Cinderella

The next day, when the festival began anew, and the parents and step-sisters had gone to it, Cinderella went to the hazel bush and cried,


“Little tree, little tree, shake over me.
That silver and gold may come down and cover me.”

Then the bird cast down a still more splendid dress than on the day before. And when she appeared in it among the guests every one was astonished at her beauty. The Prince had been waiting until she came, and he took her hand and danced with her alone. And when any one else came to invite her he said, “She is my partner.”

And when the evening came she wanted to go home, and the Prince followed her, for he wanted to see to what house she belonged; but she broke away from him, and ran into the garden at the back of the house. There stood a fine large tree, bearing splendid pears; she leapt as lightly as a squirrel among the branches, and the Prince did not know what had become of her. So he waited until the father came, and then he told him that the strange maiden had rushed from him, and that he thought she had gone up into the pear tree. The father thought to himself, “It surely cannot be Cinderella,” and called for an axe, and felled the tree, but there was no one in it. And when they went into the kitchen there sat Cinderella among the cinders, as usual, for she had got down the other side of the tree, and had taken back her beautiful clothes to the bird on the hazel bush, and had put on her old gray kirtle again.

On the third day, when the parents and the step-children had set off, Cinderella went again to her mother’s grave, and said to the tree,


“Little tree, little tree, shake over me.
That silver and gold may come down and cover me.”

Then the bird cast down a dress, the like of which had never been seen for splendor and brilliancy, and slippers that were of gold.

And when she appeared in this dress at the feast nobody knew what to say for wonderment. The Prince danced with her alone, and if any one else asked her he answered, “She is my partner.”

And when it was evening Cinderella wanted to go home, and the Prince was about to go with her, when she ran past him so quickly that he could not follow her. But he had laid a plan, and had caused all the steps to be spread with pitch, so that as she rushed down them the left shoe of the maiden remained sticking in it. The Prince picked it up, and saw that it was of gold, and very small and slender. The next morning he went to the father and told him that none should be his bride save the one whose foot the golden shoe should fit.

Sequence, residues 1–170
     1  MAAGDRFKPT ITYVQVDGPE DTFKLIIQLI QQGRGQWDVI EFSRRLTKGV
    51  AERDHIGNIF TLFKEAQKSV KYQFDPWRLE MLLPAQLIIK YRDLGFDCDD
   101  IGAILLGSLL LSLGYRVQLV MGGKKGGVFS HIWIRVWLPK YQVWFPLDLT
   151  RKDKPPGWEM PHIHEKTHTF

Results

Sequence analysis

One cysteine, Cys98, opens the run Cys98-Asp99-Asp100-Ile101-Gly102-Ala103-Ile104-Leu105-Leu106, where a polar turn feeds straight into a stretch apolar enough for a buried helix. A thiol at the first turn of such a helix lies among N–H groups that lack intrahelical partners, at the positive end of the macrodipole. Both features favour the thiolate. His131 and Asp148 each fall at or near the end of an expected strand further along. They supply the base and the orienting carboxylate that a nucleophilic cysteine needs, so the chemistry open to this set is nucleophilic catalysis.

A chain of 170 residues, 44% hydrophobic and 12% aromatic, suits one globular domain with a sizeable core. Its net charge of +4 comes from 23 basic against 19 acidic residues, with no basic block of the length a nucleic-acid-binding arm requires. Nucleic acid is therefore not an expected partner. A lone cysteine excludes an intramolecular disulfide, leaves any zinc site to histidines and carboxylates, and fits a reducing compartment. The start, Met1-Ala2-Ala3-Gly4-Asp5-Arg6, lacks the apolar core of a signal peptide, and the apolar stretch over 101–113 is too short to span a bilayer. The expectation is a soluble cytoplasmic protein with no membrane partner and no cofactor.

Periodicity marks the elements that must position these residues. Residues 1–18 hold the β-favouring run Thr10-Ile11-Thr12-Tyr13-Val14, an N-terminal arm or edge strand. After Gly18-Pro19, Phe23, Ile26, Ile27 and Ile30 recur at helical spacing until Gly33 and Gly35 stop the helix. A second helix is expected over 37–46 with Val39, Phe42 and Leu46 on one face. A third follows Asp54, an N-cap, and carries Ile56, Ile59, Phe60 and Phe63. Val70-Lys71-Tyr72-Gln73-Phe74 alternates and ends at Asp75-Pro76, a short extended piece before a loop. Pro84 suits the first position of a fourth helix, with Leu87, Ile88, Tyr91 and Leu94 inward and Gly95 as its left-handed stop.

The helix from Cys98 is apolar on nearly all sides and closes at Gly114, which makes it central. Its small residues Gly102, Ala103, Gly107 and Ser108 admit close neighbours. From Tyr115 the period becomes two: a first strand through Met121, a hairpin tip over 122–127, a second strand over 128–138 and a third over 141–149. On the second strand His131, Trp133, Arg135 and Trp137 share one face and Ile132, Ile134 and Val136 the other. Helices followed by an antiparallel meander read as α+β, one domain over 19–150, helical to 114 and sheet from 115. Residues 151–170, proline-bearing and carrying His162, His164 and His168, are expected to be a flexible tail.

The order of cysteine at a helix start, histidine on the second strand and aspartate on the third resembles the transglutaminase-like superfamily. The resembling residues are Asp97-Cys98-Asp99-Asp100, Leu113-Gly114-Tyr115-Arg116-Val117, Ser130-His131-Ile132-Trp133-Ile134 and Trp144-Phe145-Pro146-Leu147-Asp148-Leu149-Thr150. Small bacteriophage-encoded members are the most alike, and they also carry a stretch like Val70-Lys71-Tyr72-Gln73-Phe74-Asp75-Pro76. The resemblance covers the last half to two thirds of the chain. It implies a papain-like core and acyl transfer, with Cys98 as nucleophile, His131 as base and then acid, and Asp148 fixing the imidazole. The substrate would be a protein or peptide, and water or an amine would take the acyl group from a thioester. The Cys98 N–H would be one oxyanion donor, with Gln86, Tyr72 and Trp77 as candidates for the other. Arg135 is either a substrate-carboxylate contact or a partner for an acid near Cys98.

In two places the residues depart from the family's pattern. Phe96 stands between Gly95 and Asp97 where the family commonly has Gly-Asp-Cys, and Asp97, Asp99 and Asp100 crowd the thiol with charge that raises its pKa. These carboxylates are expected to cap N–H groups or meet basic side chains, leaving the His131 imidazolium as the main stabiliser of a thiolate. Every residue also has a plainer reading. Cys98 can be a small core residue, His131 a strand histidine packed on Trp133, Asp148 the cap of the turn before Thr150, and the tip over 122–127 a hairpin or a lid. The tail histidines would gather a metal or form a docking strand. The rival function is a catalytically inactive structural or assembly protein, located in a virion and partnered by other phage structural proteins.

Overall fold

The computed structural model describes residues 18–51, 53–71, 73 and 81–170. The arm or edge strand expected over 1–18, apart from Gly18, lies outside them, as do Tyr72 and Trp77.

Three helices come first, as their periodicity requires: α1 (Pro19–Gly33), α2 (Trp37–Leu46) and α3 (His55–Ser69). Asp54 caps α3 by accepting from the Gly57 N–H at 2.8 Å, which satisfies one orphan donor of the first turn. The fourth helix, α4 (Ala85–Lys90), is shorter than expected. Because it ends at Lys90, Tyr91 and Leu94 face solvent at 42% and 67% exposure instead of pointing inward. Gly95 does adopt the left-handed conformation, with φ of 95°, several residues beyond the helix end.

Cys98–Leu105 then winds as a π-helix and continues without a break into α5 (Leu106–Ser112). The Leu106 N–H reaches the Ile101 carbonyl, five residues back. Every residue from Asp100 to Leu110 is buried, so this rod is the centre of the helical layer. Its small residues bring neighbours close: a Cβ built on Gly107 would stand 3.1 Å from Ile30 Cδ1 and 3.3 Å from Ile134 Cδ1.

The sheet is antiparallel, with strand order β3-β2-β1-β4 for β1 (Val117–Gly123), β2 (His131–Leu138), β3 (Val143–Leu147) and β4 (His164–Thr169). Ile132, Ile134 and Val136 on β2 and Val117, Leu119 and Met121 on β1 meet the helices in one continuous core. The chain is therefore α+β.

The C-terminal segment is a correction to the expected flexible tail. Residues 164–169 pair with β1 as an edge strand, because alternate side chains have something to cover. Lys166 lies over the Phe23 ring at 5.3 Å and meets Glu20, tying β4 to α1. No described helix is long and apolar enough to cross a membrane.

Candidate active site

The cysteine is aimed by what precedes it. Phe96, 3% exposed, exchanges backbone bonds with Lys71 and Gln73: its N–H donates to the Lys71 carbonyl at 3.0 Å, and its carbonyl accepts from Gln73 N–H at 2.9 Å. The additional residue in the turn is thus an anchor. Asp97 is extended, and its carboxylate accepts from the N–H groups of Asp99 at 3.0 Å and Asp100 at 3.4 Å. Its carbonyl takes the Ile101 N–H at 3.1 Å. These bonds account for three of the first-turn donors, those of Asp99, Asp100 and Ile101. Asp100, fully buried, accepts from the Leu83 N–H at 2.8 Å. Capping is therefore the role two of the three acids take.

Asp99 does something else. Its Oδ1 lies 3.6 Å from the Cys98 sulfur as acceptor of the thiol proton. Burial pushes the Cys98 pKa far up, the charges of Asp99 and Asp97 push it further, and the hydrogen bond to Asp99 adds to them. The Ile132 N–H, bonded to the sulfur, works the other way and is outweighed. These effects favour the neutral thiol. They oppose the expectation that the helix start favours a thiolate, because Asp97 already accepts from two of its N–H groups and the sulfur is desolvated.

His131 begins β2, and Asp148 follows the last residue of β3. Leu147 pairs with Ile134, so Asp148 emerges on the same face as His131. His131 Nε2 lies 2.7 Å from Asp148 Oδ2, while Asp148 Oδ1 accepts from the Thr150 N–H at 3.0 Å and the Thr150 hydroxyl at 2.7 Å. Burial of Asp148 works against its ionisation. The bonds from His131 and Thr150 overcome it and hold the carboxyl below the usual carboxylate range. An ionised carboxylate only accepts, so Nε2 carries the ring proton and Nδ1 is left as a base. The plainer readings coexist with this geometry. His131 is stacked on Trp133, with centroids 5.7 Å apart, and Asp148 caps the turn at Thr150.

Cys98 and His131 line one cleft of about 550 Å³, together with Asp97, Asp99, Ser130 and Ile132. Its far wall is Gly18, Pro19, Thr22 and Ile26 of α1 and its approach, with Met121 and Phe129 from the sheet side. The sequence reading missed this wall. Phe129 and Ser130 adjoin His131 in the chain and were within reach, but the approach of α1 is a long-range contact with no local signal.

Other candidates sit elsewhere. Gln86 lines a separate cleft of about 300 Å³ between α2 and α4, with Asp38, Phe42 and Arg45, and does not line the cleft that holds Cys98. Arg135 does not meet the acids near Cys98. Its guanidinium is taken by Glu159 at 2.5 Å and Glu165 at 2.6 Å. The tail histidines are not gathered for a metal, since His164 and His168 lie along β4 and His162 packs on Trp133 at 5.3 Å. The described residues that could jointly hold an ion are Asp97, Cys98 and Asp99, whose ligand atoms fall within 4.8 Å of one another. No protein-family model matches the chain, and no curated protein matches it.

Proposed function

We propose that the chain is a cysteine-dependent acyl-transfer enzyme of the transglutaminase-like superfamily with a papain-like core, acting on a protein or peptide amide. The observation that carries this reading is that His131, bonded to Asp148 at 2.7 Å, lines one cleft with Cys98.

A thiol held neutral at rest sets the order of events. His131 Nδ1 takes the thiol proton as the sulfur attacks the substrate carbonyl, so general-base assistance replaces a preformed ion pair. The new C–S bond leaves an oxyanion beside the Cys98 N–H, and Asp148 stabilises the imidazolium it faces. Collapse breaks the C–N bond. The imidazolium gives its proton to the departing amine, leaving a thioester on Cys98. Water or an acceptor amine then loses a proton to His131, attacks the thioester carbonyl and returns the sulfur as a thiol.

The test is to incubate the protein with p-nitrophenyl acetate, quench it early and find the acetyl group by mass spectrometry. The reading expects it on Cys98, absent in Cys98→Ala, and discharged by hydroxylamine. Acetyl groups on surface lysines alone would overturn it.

Then the two sisters were very glad, because they had pretty feet. The eldest went to her room to try on the shoe, and her mother stood by. But she could not get her great toe into it, for the shoe was too small; then her mother handed her a knife, and said,

“Cut the toe off, for when you are Queen you will never have to go on foot.” So the girl cut her toe off, squeezed her foot into the shoe, concealed the pain, and went down to the Prince. Then he took her with him on his horse as his bride, and rode off. They had to pass by the grave, and there sat the two pigeons on the hazel bush, and cried,


“There they go, there they go!
There is blood on her shoe;
The shoe is too small,
—Not the right bride at all!”

Then the Prince looked at her shoe, and saw the blood flowing. And he turned his horse round and took the false bride home again, saying she was not the right one, and that the other sister must try on the shoe. So she went into her room to do so, and got her toes comfortably in, but her heel was too large. Then her mother handed her the knife, saying, “Cut a piece off your heel; when you are Queen you will never have to go on foot.”

From Grimm's Complete Fairy Tales, by Jacob and Wilhelm Grimm.
Garden City, N.Y.: International Collectors Library, 1900.

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